Newly ordained Coadjutor Bishop Louis Tylka (second from left) poses with the bishops who consecrated him (from left) Archbishop Jerome E. Listecki of Milwaukee, Cardinal Blase Cupich of Chicago, and Archbishop Christophe Pierre, apostolic nuncio to the United States. Bishop Tylka will serve with Bishop Daniel R. Jenky, CSC, and succeed him after his retirement in 2022. (The Catholic Post/Jennifer Willems)

To be sent by the Father means remaining free to move ahead, free from any compromise or coercion to proclaim the truth of salvation. So, too, the mission you are undertaking, Bishop Tylka, must always be marked by the freedom of being sent.

You must go forward freely, not relying on the approval or applause of others, and not because your freedom has been granted by another agency or secured by alignments with those who happen to be in power. You are free because you have been sent. And yet, knowing that you have been sent, also frees you to approach those in power with cordiality and civility.

It was also in Galilee that Jesus began to teach them to make disciples. He accompanies those he calls with respect, alerting them that that the Kingdom of God was breaking into the world and was within them, that God’s grace was already actively calling them step by step, gradually to receive his mercy. He taught them that discipleship is a journey that unfolds and not a destination that we can claim as our own achievement.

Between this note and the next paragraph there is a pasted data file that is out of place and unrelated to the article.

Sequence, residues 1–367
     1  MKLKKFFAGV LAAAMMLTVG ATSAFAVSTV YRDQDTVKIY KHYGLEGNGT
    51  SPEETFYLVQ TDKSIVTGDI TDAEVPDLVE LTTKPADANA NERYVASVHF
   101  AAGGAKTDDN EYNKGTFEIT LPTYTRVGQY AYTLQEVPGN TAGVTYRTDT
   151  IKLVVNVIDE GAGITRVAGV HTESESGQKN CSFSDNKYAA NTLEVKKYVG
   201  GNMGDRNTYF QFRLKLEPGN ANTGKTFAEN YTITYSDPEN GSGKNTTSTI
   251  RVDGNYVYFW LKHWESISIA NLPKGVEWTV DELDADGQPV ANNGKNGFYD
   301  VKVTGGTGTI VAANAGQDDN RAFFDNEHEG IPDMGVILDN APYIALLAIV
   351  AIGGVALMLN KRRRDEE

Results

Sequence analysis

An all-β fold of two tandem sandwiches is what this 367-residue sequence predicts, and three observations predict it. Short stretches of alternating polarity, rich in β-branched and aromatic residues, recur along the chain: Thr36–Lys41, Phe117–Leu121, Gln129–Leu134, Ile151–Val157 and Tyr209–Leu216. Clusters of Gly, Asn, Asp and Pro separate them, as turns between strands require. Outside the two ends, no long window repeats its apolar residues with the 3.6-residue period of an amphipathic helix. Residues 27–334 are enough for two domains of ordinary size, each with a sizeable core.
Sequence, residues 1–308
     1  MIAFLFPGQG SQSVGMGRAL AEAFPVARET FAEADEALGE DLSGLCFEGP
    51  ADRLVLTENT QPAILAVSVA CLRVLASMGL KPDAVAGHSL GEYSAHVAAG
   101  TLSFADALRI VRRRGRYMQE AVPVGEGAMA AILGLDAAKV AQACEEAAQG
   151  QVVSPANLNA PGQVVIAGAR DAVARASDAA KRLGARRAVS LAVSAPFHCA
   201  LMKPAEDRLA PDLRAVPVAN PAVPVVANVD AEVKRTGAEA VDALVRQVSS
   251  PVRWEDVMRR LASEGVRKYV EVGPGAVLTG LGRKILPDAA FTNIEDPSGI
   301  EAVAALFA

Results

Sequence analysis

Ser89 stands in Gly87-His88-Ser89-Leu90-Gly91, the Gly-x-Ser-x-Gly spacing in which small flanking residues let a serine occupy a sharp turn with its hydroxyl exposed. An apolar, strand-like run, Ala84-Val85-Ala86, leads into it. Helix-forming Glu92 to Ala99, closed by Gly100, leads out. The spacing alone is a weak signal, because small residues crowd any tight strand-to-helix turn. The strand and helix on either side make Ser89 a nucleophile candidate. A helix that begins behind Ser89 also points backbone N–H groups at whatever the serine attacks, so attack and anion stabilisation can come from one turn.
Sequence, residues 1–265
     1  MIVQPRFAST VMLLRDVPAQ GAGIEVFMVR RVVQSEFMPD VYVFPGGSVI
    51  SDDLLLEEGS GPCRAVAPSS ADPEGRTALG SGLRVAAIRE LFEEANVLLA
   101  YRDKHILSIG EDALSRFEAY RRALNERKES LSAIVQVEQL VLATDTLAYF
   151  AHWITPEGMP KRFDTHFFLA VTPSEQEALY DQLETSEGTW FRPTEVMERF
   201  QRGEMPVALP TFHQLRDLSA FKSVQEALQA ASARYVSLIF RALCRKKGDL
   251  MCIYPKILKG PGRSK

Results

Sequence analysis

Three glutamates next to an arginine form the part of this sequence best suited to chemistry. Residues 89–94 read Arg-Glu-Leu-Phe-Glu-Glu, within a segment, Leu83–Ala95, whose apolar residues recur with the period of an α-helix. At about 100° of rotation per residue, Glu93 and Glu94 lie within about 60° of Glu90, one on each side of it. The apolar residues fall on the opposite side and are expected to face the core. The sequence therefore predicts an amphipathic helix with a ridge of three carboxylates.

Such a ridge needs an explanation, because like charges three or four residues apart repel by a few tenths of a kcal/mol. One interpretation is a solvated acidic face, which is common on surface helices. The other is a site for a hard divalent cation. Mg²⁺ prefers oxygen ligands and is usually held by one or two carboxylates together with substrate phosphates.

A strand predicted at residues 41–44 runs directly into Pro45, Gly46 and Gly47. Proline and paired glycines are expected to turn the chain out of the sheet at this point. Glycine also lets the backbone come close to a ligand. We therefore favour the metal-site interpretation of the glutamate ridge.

A few years ago, Pope Francis admonished a group of missionaries to be respectful of the people they were going to serve in a far-off land: “Remember the Holy Spirit was there before you arrived,” he urged. The Holy Father also has warned against imposing our own time lines on God’s grace, telling us to respect the divine pedagogy, lest we demand that grace comes all at once to make people superhuman, with no flaws or need of ongoing conversion. Like those gathered in Galilee, Bishop Tylka, your own experience of the Lord patiently leading you on the journey of discipleship will be your guide for making disciples.

Finally, Jesus’ mission to the whole world, to all nations, demands that we tear down all barriers of exclusion. Surely this means allowing your ministry in this beautiful Diocese of Peoria to reach out to those marginalized, forgotten, and dismissed by prejudice and judgmentalism. But, all nations must also be taken literally, for as the Second Vatican Council reminds us, each bishop shares responsibility for the Universal Church in union sub umbra Petri, under the shadow of Peter. This task takes on even greater significance in our day marked by a global pandemic, threats to the environment, violations of human dignity and a world war fought in piecemeal. It is for this reason that your bond with Peter, our Holy Father, must always remain unbroken, unquestioned and never called into doubt. At the core of your identity as a bishop is your union with him in the common mission to all the nations.

The last words of our Lord to those gathered in Galilee, are “I am with you always, until the end of the age.” You know, Bishop Tylka, that the Lord’s words are true, for he has been with you in every age of your life. Always return to Galilee to strengthen your trust in his promise.